It was late September when the world got wind of Stuxnet, the complex piece of malware that appeared to specifically target Iranian nuclear sites. Now, analysis of Stuxnet suggests it was almost perfectly designed to corrupt nuclear centrifuges, according to David Albright of the Institute for Science and International Security.
On Wednesday, Mr. Albright and a colleague, Andrea Stricker, released a report saying that when the worm ramped up the frequency of the electrical current supplying the centrifuges, they would spin faster and faster. The worm eventually makes the current hit 1,410 Hertz, or cycles per second — just enough, they reported, to send the centrifuges flying apart. In a spooky flourish, Mr. Albright said in the interview, the worm ends the attack with a command to restore the current to the perfect operating frequency for the centrifuges — which, by that time, would presumably be destroyed. [The New York Times]
Computer experts don’t know Stuxnet’s origin for sure, though the Times’ story drops a few cryptic hints of Israeli involvement. And further study of the attack shows that although Stuxnet appears calibrated to disrupt centrifuges, it could be easily adapted to seize the reins of other systems.
The widespread interconnection of corporate networks and use of SCADA systems [supervisory control and data acquisition] means that industrial infrastructure is increasingly vulnerable to software attack. Such control systems are used in virtually every industry—food production, vehicle assembly, chemical manufacturing—and are commonly exposed to insecure networks. This leaves them vulnerable to tampering, such as with Stuxnet, as well as intellectual property theft. [Ars Technica]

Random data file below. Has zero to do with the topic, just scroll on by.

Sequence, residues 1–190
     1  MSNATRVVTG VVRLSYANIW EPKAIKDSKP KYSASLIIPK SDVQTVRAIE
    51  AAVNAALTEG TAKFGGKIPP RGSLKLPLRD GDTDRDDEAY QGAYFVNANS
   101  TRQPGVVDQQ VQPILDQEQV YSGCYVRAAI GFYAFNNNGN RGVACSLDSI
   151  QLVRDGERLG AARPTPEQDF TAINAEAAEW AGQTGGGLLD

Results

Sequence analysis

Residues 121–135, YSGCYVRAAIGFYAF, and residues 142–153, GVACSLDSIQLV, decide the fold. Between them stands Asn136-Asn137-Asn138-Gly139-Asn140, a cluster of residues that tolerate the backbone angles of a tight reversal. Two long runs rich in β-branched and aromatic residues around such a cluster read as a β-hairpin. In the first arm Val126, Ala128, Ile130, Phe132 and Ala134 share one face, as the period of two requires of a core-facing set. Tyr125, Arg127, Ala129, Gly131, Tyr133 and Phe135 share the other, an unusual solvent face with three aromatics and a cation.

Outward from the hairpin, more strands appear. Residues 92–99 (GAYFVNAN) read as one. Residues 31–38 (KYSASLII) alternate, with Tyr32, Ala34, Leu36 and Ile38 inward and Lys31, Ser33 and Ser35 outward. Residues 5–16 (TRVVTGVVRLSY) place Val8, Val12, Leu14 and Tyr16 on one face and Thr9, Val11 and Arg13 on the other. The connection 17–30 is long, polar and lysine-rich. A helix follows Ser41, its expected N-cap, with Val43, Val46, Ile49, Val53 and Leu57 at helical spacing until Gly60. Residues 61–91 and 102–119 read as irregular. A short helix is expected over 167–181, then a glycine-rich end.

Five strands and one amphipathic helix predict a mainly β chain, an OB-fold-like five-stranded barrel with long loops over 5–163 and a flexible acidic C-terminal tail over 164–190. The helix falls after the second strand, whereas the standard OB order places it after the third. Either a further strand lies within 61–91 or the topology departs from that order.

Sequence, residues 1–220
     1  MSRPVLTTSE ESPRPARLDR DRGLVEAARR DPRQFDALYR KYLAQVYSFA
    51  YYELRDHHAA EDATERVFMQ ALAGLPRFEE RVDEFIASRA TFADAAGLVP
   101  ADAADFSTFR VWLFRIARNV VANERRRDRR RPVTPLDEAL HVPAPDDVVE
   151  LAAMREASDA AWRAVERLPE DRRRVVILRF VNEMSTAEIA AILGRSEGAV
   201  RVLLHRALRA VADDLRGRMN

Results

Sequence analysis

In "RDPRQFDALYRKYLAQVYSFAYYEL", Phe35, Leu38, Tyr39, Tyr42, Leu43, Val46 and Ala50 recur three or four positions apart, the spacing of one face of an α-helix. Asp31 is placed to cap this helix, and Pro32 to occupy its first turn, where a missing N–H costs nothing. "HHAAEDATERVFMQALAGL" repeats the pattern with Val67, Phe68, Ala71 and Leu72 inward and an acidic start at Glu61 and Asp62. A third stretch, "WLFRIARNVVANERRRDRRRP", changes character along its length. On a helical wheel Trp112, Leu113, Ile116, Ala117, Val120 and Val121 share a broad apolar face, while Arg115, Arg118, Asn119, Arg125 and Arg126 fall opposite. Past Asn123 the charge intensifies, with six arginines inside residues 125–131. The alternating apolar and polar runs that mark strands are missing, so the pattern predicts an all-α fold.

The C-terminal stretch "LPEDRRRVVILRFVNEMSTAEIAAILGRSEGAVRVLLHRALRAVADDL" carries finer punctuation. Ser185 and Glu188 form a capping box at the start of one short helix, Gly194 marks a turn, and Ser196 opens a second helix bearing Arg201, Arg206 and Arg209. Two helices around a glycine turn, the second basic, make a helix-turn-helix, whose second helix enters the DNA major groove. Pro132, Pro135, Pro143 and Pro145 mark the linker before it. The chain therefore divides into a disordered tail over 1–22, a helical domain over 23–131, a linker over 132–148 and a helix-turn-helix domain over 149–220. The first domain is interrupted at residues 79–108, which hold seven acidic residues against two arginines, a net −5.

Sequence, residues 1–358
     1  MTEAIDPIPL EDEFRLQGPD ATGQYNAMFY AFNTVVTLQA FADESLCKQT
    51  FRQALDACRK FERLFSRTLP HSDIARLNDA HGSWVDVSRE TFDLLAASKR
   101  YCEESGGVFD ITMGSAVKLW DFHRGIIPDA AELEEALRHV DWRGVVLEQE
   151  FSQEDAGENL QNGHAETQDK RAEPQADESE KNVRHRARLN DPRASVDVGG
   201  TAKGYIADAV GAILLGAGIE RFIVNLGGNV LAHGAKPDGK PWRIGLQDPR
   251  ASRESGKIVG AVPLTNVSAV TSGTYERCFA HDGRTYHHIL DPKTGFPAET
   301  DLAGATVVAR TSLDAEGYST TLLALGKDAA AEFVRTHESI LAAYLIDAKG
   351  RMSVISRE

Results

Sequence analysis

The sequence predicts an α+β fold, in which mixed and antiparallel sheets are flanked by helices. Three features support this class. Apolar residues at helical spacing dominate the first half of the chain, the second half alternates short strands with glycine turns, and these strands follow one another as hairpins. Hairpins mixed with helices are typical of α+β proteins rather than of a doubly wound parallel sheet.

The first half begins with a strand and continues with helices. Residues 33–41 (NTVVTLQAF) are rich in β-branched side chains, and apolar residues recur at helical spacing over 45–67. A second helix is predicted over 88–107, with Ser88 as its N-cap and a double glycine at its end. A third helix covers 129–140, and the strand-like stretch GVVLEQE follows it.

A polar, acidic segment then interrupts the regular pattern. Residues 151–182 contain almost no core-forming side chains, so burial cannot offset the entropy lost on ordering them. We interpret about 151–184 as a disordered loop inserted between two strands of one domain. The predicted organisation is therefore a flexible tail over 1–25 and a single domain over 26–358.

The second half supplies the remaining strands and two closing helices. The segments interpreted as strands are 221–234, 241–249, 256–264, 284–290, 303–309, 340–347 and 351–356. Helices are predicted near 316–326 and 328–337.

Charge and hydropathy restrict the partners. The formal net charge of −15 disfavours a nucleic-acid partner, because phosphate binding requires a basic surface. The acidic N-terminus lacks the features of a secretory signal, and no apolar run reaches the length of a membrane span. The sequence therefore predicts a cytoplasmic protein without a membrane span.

Elsewhere in computing skulduggery, the big story Wednesday was the report that for 18 minutes on an April day, 15 percent of the world’s Internet traffic mysteriously was rerouted through China.
The report said the move affected data traveling over both the government and military networks of the United States, including information from the Senate, the Army, the Navy, the Marine Corps, the Air Force, the secretary of defense’s office, NASA, the Department of Commerce and the National Oceanic and Atmospheric Administration, as well as from many American companies. The incidents, which were widely reported when they occurred, were never explained, although Chinese engineering managers said that the routing errors were accidental. [The New York Times]
Though reports of China-based cyberattacks have been increasing, China today denied any intentional wrongdoing, saying the accusation smacks of “Cold War thinking.” Nevertheless, the report should have us worried.
If the rerouting of traffic was in fact intentional, this incident can be filed alongside the Stuxnet worm … as a new generation of cyber attacks with geo-political implications. Even if neither the China Internet hijacking incident or the Stuxnet worm are truly state-sponsored attacks, they still illustrate what is possible for attackers with the skills and resources to pull it off. [PC World]
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